Marines Show How To Dominate At 3-Gun Shooting
Sprinting past obstacles and unloading on targets with a high-powered rifle is fun — though police calling afterward isn’t —...
Sprinting past obstacles and unloading on targets with a high-powered rifle is fun — though police calling afterward isn’t — but what’s better than one weapon? A second one, how about a pistol, and, hey, screw it, let’s throw in a shotgun, too.
That’s three-gun shooting in a nutshell. It involves multiple firearms, fast-paced movement across a range littered with barriers, and an array of targets that must be hit in a limited period of time.
It takes an incredible amount of concentration, skill, and accuracy, which is why Task & Purpose reached out to a pro to find out how to dominate at three-gun shooting.
A head coach, instructor, and competitor on the Marine Corps action shooting team, Staff Sgt. Martin Lucero lays out how three-gun shooting works, what you need to remember when you’re doing it, and all the finer points on how to decimate a host of targets in a matter of minutes, if not seconds.
The action shooting team participates in national, international, and interservice three-gun competitions. The team was founded in 2005 as an experimental unit tasked with validating marksmanship tactics and doctrine and was limited to infantry Marines. Since then it has expanded to include shooters from a range of specialties.
Here’s how three-gun shooting works.
A Marine fires an M9 service pistol at targets from an elevated platform during a course of fire on the Kaneohe Bay Range Training Facility aboard Marine Corps Base Hawaii, March 17, 2016.U.S. Marine Corps photo by Sgt. Matthew J. Bragg
No range is ever the same.
The weapons used vary from match to match, with the size of the range anywhere between a few meters to as many as 650 meters for rifle targets. A match will typically have between five and 10 stages, each one with their own course of fire. There will be a number of different targets: There’s steel, which you have to hit and “ding” or knock over to score; clay targets, which must be broken; and paper targets, in which a shooter needs to land a kill shot or two body shots on a silhouette target to score.
“No two stages will ever be the same,” says Lucero, who has been on the action shooting team for just over a year. “You might start with a rifle in your hand, and pistol loaded and holstered, and the shotgun placed somewhere on the range.”
A stage that lasts 30 seconds may be just 25 meters wide and 25 meters deep, while one that lasts three minutes will involve sprinting to cover, transitioning from a pistol to a rifle, or vice versa, before picking up a shotgun and proceeding to a new area.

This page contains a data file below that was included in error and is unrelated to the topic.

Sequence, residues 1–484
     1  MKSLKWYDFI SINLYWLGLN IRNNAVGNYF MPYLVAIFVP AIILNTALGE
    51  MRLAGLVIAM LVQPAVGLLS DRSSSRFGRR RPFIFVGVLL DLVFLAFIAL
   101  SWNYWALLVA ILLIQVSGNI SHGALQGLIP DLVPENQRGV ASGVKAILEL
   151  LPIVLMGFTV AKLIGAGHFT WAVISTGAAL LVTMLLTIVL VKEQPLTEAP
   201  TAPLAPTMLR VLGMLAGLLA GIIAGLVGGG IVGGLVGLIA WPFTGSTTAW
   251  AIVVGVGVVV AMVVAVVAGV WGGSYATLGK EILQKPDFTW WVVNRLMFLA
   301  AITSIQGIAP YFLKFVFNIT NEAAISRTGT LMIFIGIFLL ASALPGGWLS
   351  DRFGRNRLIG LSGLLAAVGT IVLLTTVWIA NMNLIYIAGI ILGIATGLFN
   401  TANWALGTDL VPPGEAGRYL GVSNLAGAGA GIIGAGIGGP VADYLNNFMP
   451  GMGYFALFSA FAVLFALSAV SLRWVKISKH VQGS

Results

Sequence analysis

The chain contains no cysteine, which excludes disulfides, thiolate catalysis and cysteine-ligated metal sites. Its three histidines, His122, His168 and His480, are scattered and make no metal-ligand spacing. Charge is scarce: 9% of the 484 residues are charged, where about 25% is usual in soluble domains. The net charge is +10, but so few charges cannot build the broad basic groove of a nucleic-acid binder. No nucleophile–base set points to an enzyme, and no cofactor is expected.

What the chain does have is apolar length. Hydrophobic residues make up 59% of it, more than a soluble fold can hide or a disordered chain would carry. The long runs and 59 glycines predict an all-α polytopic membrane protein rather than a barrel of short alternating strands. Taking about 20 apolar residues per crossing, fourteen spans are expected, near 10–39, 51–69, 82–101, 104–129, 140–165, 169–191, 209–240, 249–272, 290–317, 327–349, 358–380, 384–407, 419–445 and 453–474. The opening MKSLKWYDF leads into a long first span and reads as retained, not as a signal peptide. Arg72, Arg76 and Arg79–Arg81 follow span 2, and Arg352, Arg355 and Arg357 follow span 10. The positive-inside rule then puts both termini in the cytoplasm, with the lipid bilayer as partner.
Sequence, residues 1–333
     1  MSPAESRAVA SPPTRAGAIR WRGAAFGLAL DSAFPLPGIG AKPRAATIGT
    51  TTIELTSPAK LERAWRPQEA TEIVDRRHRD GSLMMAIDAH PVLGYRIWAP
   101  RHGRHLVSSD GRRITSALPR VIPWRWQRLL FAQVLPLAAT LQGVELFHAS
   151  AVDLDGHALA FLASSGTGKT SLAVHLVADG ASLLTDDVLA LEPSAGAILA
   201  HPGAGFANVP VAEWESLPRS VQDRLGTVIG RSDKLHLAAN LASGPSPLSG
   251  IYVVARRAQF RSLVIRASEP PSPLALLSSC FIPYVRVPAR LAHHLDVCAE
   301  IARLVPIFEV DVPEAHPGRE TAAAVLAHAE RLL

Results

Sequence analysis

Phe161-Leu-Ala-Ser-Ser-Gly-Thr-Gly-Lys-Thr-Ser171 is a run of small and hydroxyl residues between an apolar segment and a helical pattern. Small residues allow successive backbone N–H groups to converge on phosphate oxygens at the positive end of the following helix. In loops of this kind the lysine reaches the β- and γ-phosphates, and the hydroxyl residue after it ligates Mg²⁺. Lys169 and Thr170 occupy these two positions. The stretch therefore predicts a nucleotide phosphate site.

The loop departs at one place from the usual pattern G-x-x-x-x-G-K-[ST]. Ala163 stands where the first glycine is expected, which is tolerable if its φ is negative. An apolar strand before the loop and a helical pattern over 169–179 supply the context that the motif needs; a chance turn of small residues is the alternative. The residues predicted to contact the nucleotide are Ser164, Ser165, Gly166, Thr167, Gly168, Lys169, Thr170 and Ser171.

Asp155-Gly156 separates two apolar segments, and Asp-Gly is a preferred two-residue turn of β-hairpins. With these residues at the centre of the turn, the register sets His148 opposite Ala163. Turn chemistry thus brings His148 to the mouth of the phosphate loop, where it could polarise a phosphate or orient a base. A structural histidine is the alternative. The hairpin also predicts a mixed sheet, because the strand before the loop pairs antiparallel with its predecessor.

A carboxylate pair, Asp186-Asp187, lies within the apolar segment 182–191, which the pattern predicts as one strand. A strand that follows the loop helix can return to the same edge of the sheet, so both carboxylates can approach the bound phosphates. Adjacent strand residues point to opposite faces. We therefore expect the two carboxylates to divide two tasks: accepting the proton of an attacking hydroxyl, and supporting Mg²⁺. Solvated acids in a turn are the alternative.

Lance Cpl. Andrew Caudill runs with ammunition cans to the next stage in a course of fire during the Pacific Combat Shooting Match on the Kaneohe Bay Range Training Facility aboard Marine Corps Base Hawaii, March 16, 2016.U.S. Marine Corps photo by Sgt. Matthew J. Bragg
According to Lucero, the Marine Corps bases its ranges off award citations for valor, similar to how the final events in the Crucible are laid out. For example, one stage may have you shooting off-hand with a pistol, while another will have you carrying an ammo can, or dragging a mannequin to simulate a casualty, as you move through the course. For Marine Corps matches, the shooters typically wear their flak and kevlar.
The key here is that it’s always different, which means preparation counts for less. What matters are the fundamentals.
It’s all about muscle memory.
“You hear that buzzer go off and it’s a mind eraser and you’ve got to act,” says Lucero. “You fall back on the basics. In training, you can push your times out. Everyone knows when you’re on the range training, your fastest times aren’t going to be the time you put up in a competition. Now there’s pressure, people are watching, there’s stressors, and you fall back on your muscle memory.”
At each stage, before the shooters begin their course of fire, they have a few minutes to scope out the range, come up with a plan and decide where they’ll move to, what targets should be engaged first, and when and where to reload.
But that preparation can go out the window in a split second.
“As soon as you start running that stage and you miss a few shots, it changes your whole plan and you’re back to your basics of shooting and hitting the target,” Lucero explains.
You can’t lose your composure.
“First thing on your mind obviously is safety,” says Lucero. “You don’t want to do anything to get anyone hurt, but for me, being a shooter for the United States Marine Corps, I’m in the spotlight. I’m representing the Marine Corps, so I’m not going to go out there and act like a fool. If I start missing targets I’m not going to come off the stage and pout like a lot of these civilians do and leave the stage all butt-hurt, cursing and screaming.”
Instead, each miss and mistake is an opportunity to learn, says Lucero.
“Since I’m wearing the Marine Corps jersey, I come off the stage and start thinking, if I did mess up what do I need to fix, or if it went well, what did a do right and did I push my limits or could I have cut time somewhere else,” says Lucero.
There’s a real value in giving Marines, and other service members, a chance to test out techniques in a one-sided firefight, where an error results in a low score, not a tragedy. This way, lessons about what works, and what doesn’t, can make their way to the broader Marine Corps when a shooter leaves the unit.